After sacking one PM, the crusading head of the judiciary sets his sights on the new premier.Political turmoil is nothing new to the people of Pakistan. But last week they experienced something unprecedented. A sitting prime minister was disqualified by the Supreme Court, the man proposed to replace him was forced to stand aside after a court issued a warrant for his arrest, and a controversial alternative candidate was eventually elected for what most observers say will be a curtailed term. The disqualification of Yousaf Raza Gilani by the Supreme Court and his replacement by the former power minister Raja Pervez Ashraf took Pakistan into further choppy waters at a time when it is facing challenges on multiple fronts. The economy is struggling, its relationship with the US is fraught and there is a crippling power shortage that has sparked angry riots in many cities. "We want peaceful ties with our neighbours Afghanistan, Iran and India. We desire good relations in our region on the basis of the philosophy of peaceful co-existence," Mr Ashraf declared on Friday evening in his first address in the parliament. "As a responsible nation, Pakistan will continue to play its role as an enabler and facilitator of peace and stability in the region and the world." But the former power minister's term as premier is unlikely to be peaceful. The judiciary, headed by the assertive Chief Justice, Iftikhar Chaudhry, will most likely confront Mr Ashraf, as it did Mr Gilani, demanding that he write to the authorities in Switzerland and ask them to reopen an old corruption inquiry against President Asif Ali Zardari. The man nicknamed "Rental Raja" by Pakistan's media also faces allegations that he received kickbacks during his term as power and water minister and he has already been questioned by anti-corruption investigators. Aware that elections must be held before next March, and that forces beyond its control could ensure they take place sooner, Mr Zardari's Pakistan Peoples Party (PPP) is readying itself for more turbulence. The weeks ahead will be crucial for the party and for Mr Zardari, who appears to be looking to a second term as president. In both national and provincial contests, the party will face a stiff challenge from Nawaz Sharif's Pakistan Muslim League-N and from the former cricketer Imran Khan and his Pakistan Tehreek-e-Insaf, both of which have been benefiting from Mr Zardari's deep unpopularity. "They need to get every vote in the national and provincial assemblies to secure his future. He is looking for a second term," said Farzana Shaikh, an expert on the country at London's Chatham House. "There is a great deal at stake." Analysts say the drama last week underscores a recurring fault line within Pakistan and the constant challenging for power between various institutions – elected politicians, the military and the judiciary. The issue of an arrest warrant for Mr Zardari's initial choice to replace Mr Gilani, the textiles minister Makhdoom Shahabuddin, on the day he filed his nomination papers, suggests the military, which heads the anti-narcotics force that is investigating him, is also in the current fray. "The clashes highlight the fact that organisations are fighting for more powers for themselves and that Pakistan is still in the process of evolving institutions. This is quite usual in periods of transition," said Ejaz Haider, a leading commentator. "The judiciary has its own place within the constitution which cannot be denied it on the argument that it is not elected and therefore must kowtow to an elected government. The legal and political sovereigns are out of joint, and that is the underlying reason for the current tussle." The clash between the PPP and Mr Chaudhry's Supreme Court dates back to 2009, when Mr Zardari refused to reinstate the deposed chief justice in the face of a lawyer-led movement for judicial independence backed by the opposition and a cross-section of the media. Mr Zardari was forced to capitulate after a march threatened his government's stability. At the time, the army chief, General Ashfaq Parvez Kayani, also made a discreet intervention, in an effort to avert total chaos. Mr Zardari's reluctance was ascribed to a fear that Mr Chaudhry would revive old the corruption charges against him – a fear that has now been realised. The PPP says the charges against Mr Zardari are politically motivated. Once back in the Chief Justice's chair, Mr Chaudhry's popularity continued to rise. In a country where the political class is widely seen as inept, distant and venal, there are few places for Pakistanis to rest their hopes. The army is still tainted by decades of military dictatorship that failed to live up to breathlessly touted promises of a different, more efficient form of government. Mr Chaudhry has been seen as a crusader against corruption and abuse. Never before in Pakistan's history have as many senior government officials been summoned to court to justify their actions. Even the powerful military intelligence agencies have been grilled over their notorious human rights abuses, in particular the "disappearance" of political dissidents in the restive south-western province of Baluchistan. But despite welcome efforts to shake off the court's pliant past, now there is growing criticism that it is overstepping its mandate, assuming a political role, and, at times, positioning itself as an alternative government. Some say its decision to sack Mr Gilani was more about politics than the law. As the country struggles to see a civilian elected government complete a full, five-year term, Pakistan's stunted democracy has suffered another setback. The voters have never had the opportunity to rid themselves of an unpopular prime minister, and have been denied that opportunity once again. Traditionally, it was the army that often made the move to rid itself of supposedly troublesome politicians. Three military coups since the 1950s have each led to around a decade of generals in power. More often, civilian leaders were shunted aside by subtler means, such as a palace coup, in which the army's proxy president would dismiss a government on dubious grounds. Now, as then, it is unaccountable institutions that have arrogated to themselves the right to represent the will of the people of Pakistan over their elected representatives. This time, there's also a dark element of intrigue. Mr Gilani's sacking comes as a scandal unfolds involving the Chief Justice's son, a government-connected billionaire and other shady characters. The billionaire claims that Arsalan Chaudhry extorted £2m in cash and expensive holidays from him. Supporters of the Chief Justice cry foul, but don't deny his son's involvement. Instead, they say that the son was being suborned as part of an elaborate attempt to lure the Chief Justice into a trap that would make his downfall inevitable. Either way, questions abound about the Chief Justice's involvement, knowledge or complicity. Mr Chaudhry hasn't proceeded in an entirely dispassionate manner. He decided to summon both the billionaire, Malik Riaz Hussain, and his own son to the Supreme Court, without any wariness of an obvious conflict of interest. The verdict against Mr Gilani, which came just days later, is being seen, against this backdrop, as carrying an element of revenge. The prospect now is of an intensifying clash that could further unsettle Pakistan's weak and faltering democracy. Some conspiracy theorists whisper that the powerful army is looking on with gratification, plotting to gently bring down the government and install a caretaker set-up of assorted technocrats for the next few years. But Pakistan's politicians are unlikely to accept their fate so easily. Mr Zardari has won a reputation for cunning and brinkmanship. He is not going to let his power quietly drain away. And the opposition, led by the former prime minister Nawaz Sharif and Mr Khan, the former cricketer, are in no mood to see their political gains slip into the hands of a non-political coterie. Whatever the outcome, Pakistan will certainly not be dull for the next few months.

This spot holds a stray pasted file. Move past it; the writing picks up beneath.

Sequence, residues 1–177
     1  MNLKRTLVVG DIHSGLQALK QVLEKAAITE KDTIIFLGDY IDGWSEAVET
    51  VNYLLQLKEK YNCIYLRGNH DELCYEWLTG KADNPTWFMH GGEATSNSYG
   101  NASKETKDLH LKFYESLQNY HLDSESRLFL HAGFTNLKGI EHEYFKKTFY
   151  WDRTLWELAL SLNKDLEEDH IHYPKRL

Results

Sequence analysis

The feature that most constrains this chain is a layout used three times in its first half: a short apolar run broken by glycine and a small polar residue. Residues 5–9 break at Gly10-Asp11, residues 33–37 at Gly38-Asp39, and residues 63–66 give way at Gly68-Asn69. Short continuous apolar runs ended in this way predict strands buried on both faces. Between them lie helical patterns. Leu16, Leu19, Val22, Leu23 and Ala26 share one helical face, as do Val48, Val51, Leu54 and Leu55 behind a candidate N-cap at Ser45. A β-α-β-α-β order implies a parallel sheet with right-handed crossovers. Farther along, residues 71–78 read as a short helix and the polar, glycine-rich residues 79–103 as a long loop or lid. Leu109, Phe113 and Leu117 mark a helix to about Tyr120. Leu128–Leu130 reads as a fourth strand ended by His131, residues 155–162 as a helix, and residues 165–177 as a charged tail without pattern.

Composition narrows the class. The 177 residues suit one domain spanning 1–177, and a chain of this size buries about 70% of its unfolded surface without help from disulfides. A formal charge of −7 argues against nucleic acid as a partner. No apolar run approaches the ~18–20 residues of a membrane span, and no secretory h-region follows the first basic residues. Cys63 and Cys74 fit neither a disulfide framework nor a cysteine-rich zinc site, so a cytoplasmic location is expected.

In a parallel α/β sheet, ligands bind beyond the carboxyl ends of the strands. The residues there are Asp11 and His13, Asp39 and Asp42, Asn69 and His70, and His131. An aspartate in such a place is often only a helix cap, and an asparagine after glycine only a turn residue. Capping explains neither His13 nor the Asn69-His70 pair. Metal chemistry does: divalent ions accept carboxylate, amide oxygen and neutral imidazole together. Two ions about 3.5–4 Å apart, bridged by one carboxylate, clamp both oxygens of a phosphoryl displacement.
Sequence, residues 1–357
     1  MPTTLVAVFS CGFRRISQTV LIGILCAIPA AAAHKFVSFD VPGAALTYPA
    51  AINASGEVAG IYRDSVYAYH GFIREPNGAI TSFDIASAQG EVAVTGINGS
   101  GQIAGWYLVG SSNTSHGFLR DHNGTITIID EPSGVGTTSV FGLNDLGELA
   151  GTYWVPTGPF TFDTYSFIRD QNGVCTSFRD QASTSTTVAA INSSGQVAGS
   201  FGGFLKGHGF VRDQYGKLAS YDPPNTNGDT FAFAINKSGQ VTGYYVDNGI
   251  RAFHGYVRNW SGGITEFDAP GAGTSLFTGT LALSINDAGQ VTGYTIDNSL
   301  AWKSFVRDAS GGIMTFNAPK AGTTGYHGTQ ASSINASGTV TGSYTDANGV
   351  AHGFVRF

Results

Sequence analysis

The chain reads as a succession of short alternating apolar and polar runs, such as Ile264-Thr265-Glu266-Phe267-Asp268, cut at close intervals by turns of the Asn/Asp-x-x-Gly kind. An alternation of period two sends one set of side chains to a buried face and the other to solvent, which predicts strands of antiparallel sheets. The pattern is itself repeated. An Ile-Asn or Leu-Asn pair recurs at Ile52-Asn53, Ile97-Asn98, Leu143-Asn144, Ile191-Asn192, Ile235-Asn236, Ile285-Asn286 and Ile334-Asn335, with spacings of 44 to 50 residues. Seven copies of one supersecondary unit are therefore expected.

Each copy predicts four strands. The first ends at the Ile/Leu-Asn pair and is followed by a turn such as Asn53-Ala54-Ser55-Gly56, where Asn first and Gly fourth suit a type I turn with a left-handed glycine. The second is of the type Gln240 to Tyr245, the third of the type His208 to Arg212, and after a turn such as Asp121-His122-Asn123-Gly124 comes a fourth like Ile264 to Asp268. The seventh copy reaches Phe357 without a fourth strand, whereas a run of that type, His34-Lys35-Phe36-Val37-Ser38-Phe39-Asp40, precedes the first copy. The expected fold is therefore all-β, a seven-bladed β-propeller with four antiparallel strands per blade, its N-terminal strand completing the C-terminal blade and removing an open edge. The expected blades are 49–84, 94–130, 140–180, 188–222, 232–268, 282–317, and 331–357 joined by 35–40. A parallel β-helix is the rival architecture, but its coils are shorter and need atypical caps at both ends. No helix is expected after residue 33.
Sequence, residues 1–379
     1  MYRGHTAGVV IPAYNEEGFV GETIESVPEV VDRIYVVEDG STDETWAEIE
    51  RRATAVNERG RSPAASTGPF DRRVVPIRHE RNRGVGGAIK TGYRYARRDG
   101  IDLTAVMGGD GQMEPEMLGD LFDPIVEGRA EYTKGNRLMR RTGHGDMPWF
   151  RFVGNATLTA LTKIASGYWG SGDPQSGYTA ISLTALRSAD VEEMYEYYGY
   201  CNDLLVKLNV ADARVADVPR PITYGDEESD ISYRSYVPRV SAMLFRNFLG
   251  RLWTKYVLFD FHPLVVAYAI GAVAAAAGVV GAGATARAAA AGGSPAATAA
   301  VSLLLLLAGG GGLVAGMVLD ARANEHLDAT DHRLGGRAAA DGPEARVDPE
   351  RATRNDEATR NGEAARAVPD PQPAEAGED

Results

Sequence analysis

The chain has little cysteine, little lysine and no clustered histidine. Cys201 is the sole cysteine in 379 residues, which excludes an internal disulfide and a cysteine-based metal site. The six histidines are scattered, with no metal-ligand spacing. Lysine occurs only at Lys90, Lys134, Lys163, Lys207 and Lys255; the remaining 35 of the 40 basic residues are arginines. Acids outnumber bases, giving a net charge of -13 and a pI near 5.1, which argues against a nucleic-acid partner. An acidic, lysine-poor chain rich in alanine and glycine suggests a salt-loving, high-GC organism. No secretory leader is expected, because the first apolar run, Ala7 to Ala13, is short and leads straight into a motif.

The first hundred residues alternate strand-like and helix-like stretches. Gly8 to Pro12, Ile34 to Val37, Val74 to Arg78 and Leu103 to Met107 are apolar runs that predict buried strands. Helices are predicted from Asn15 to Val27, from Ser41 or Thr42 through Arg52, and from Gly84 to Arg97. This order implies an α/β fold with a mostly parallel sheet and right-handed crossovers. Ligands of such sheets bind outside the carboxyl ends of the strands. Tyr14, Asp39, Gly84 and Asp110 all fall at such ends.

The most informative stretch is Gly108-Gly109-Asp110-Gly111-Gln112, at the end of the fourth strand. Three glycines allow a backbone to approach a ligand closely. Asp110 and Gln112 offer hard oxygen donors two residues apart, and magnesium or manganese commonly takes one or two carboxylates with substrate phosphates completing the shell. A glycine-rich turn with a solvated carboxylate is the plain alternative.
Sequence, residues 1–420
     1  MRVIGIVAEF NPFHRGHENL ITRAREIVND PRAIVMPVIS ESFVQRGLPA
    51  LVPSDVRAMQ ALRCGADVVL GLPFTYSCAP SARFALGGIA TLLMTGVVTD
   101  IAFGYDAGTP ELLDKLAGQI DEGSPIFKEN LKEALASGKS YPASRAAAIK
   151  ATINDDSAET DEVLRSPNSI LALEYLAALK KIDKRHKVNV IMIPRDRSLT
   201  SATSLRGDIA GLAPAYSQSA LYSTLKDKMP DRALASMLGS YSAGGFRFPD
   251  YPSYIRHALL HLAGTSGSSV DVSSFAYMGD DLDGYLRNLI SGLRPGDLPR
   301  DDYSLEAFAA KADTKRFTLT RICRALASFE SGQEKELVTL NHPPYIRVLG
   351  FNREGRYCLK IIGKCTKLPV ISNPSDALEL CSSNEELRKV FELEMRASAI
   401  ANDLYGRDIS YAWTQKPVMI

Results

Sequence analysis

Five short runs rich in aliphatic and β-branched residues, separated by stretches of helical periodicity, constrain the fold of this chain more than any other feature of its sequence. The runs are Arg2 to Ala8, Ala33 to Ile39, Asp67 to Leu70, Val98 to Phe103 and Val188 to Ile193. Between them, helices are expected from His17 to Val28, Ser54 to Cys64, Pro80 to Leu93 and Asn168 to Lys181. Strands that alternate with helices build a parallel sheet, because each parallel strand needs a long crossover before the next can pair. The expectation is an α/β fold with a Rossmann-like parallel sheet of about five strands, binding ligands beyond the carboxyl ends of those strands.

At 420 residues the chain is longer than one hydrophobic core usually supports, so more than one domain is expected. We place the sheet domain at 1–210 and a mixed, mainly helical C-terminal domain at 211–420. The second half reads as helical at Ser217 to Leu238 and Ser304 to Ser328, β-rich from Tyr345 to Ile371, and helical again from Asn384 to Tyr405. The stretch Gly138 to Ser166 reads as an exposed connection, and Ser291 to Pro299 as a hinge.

Haaretz.comRussian President Vladimir Putin arrived in Israel on Monday morning on an official state visit. Putin heads a large entourage comprised of government ministers, advisers and journalists. The 300-person delegation arrived in four planes. Israeli officials are hoping to recruit Russia's government to join their efforts against Iran's nuclear program. They also want to encourage a number of security and economic initiatives. Foreign Minister Avigdor Lieberman is expected to greet the Russian contingent this morning at Ben-Gurion Airport. The visitors will head straight to Netanya, where Putin will dedicate a monument memorializing Red Army soldiers, an initiative sponsored jointly by him and Prime Minister Benjamin Netanyahu. The Russian leader is expected to receive a warm welcome there. President Shimon Peres will be the main Israeli representative at the dedication ceremony. He is expected to praise the Soviet Union's actions against Nazi Germany, as well as the current Russian government's efforts to promote peace between Israel and the Palestinians."Israel owes a deep debt of gratitude to Russia and the Russian army for its decisive role in the liberation of camps and the triumph over Nazi Germany," Peres will declare. "Today as well, Israel views Russia as a lighthouse, as a state that plays an important role in the advance of peace in the Middle East, and a state that takes steps to improve the world while battling terror." Putin will travel from Netanya to Jerusalem, where he will meet with Netanyahu at his official residence. The prime minister cancelled his participation in the Netanya event because of a cast on his leg. Joining the two for lunch will be two Likud members: Public Diplomacy and Diaspora Affairs Minister Yuli Edelstein, and coalition chairman Zeev Elkin. Edelstein and Elkin traveled with Netanyahu to Moscow in February 2010; they will serve as translators during the meeting with Putin, and also be on hand to express support for the prime minister's intentions to evacuate the Beit El's Ulpana neighborhood. Also invited to the lunch meeting with Putin are Lieberman, Defense Minister Ehud Barak and Vice Prime Minister Shaul Mofaz. In the evening, Putin will meet with Peres. He will be received at that meeting by an Israel Defense Forces honor guard, and by children who are both Hebrew and Russian speakers; Putin will be welcomed in both languages. Peres is expected to bring up the issue of Iran's nuclear program, and to stress Teheran's effort to assemble nuclear weapons. "The combination of nuclear weapons and a fanatical political leadership poses a genuine threat to the peace of the world as a whole," Peres will state. Putin will then partake in a festive dinner at the President's House, to which top Israeli and Russian security and diplomatic officials are invited. The event will feature an artistic tribute to Russia, in which performers from the bilingual Gesher troupe will sing Russian songs that have Israeli adaptations. The performers are expected to encourage Peres and Putin to join the singing. Tomorrow Putin will visit Bethlehem and Jordan.